Friday, January 10, 2014

Mitten Mania!

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BRRR!  It's been so cold all over the country this week that I bet even in the south kids are wearing winter clothing they've never seen before!  This week in my speech room, we've been doing activities related to MITTENS!  Here's the run-down:

The Mitten:
In many of my groups, we read "The Mitten" by Jan Brett. Who doesn't love this book?!? Believe it or not, I drew the animals from the story when I was in college (in the mid to late 90's) and they are STILL hanging in there!  This still shocks me because I didn't even think of laminating them at the time!  


Here's a closer look:


We worked on sequencing the order in which the animals went into the mitten and I found this printable emergent reader take-home book from Jamie Mayas on Teacher's Pay Teachers. What a great way for my preschoolers to practice the vocabulary from the book!

Noisy Story:
In some other groups, we read the Noisy Story "The Mitten." (Click HERE to see more information on the Noisy Stories program).  This story is about a lost mitten.  I begin the story by wearing one mitten and telling the kids that I'm going to tell them a story about something you can wear in the winter.  Believe it or not, they don't ALL clue in that the story will be about a mitten! Once they do figure it out, I tell them that there is a BIG problem in the story (mind you, I'm still wearing ONE mitten).  Eventually someone infers that there is a missing or lost mitten in the story...


At the end, the mitten is found on a snowman! My preschoolers love when I pull out my snowman (above) with the mitten stuck to his belly.  (Sometimes they make me feel like a magician!)  The younger kids worked on same/different using real mittens (see photo below) as well.

PS, If you want a similar type story for older kids, check out "The Missing Mitten Mystery" by Steven Kellogg.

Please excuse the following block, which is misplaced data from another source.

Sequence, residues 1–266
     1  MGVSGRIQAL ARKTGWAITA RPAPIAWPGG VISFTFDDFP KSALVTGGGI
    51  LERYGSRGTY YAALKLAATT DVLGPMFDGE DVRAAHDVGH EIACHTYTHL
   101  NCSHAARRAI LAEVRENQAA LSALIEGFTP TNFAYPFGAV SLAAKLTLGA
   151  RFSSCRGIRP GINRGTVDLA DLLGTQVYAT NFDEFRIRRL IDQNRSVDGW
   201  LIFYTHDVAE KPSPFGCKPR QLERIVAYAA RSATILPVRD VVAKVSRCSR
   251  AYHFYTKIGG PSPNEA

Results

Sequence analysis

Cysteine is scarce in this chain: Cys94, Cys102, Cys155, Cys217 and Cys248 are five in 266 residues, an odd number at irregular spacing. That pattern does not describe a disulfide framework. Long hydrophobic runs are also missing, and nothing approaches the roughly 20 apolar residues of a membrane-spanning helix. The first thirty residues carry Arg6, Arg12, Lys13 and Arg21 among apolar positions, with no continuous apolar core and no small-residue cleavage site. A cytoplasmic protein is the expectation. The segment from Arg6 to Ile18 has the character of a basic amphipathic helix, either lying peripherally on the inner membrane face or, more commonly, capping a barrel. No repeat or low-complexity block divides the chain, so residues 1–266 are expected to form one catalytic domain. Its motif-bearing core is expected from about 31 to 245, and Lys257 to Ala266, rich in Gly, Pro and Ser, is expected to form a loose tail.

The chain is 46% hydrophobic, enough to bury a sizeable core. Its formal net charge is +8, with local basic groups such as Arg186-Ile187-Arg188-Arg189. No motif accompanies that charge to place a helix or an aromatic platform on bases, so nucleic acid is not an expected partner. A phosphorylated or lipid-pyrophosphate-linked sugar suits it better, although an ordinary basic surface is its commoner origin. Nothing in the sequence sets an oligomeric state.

EET: Mitten style!

I have rounded up a ton of mittens over the years.  I usually pick them up at the end of the winter in a clearance bin. We focused on the "eye" bead of the EET strand and described what the mittens look like.


I don't know if I mentioned this before or not, but I'm doing my Student Learning Goal for my Educator Evaluation on the EET.  Based on my mid-year data, my kids are just NOT getting the eye bead!  Here's an example of a very typical response from my kiddos during mid-year data collection:
Me:  What's this?
Student: A carrot.
Me:  Right! {shows green bead}Green-group. What group does a carrot belong in?
Student: Food group.
Me: Nice! {shows blue bead}Blue-do. What do you do with a carrot?
Student: You eat it!
Me:  You're doing great! {shows eye bead} Eye ball!  What does a carrot look like?
Student:  It looks like a carrot!
Me: {face-palm!}
We spent about 2 weeks on describing appearance, but I guess we need some more time with that!  So, we grabbed the EET strand and worked on describing the appearance of the mittens.  If you don't have a ton of mittens like I do, you can always make them out of paper.  


I used a pattern similar to the one below and printed them on letter size scrapbook paper, then cut them out.


Want a copy of the mitten patterns? Click HERE.

And there you have my week of Mitten Mania!  What are your favorite Mitten activities?


8 comments :

  1. Carrie, it's so funny...I am TOTALLY planning a blog post for next week about my plans for The Mitten, and you beat me to it! I'm using the Noisy Story book too, which I was planning to feature. I can tell that we often have similar ideas and styles!

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  2. I love your idea of using the EET for your student learning objective. The SLOs are brand new to our district this year and we received no training on this, so I'm struggling a bit with it. Any chance you would be willing to share your SLO, or address it in a future post? Did you need to use tiers to measure your outcomes, or did you focus on one grade level? Any advice would be much appreciated!!

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  3. Hi Carrie! I love all of your ideas! Have you tried telling your students that when they are saying what something "looks like" they can talk about the color, shape and size? That's what I tell my students and it seems to work with most of them. They still need some prompting but they are getting there... =)

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    Replies
    1. Hi Paula! Thanks for the suggestions. I actually have taught them that the eye bead means they should think about color, shape, and size. There's even a boardmaker picture next to the poster of the eye bead in my office! I didn't give them cues during a recent session when I was collecting data to monitor progress. With the cues, they are able to give me color, shape, and size. Without a verbal cue, they'd just repeat the name of the object.

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